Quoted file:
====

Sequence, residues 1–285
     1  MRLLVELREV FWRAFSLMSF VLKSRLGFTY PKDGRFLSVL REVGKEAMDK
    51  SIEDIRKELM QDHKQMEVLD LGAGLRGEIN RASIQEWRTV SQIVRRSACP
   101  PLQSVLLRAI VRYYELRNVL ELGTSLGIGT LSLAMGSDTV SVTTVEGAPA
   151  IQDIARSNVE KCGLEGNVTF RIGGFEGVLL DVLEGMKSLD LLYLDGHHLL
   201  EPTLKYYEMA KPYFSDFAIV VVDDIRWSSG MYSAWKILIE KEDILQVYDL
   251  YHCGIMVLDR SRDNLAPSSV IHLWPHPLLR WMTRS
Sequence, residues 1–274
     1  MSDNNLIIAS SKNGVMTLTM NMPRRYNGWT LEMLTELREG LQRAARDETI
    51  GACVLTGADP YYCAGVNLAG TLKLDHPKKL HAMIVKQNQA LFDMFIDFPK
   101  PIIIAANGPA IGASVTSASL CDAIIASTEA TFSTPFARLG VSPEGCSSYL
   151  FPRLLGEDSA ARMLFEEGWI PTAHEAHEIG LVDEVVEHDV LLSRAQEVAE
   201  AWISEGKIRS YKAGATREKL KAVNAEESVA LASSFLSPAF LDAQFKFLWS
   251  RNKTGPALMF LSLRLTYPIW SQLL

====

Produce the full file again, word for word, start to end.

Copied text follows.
Sequence, residues 1–285
     1  MRLLVELREV FWRAFSLMSF VLKSRLGFTY PKDGRFLSVL REVGKEAMDK
    51  SIEDIRKELM QDHKQMEVLD LGAGLRGEIN RASIQEWRTV SQIVRRSACP
   101  PLQSVLLRAI VRYYELRNVL ELGTSLGIGT LSLAMGSDTV SVTTVEGAPA
   151  IQDIARSNVE KCGLEGNVTF RIGGFEGVLL DVLEGMKSLD LLYLDGHHLL
   201  EPTLKYYEMA KPYFSDFAIV VVDDIRWSSG MYSAWKILIE KEDILQVYDL
   251  YHCGIMVLDR SRDNLAPSSV IHLWPHPLLR WMTRS
Sequence, residues 1–274
     1  MSDNNLIIAS SKNGVMTLTM NMPRRYNGWT LEMLTELREG LQRAARDETI
    51  GACVLTGADP YYCAGVNLAG TLKLDHPKKL HAMIVKQNQA LFDMFIDFPK
   101  PIIIAANGPA IGASVTSASL CDAIIASTEA TFSTPFARLG VSPEGCSSYL
   151  FPRLLGEDSA ARMLFEEGWI PTAHEAHEIG LVDEVVEHDV LLSRAQEVAE
   201  AWISEGKIRS YKAGATREKL KAVNAEESVA LASSFLSPAF LDAQFKFLWS
   251  RNKTGPALMF LSLRLTYPIW SQLL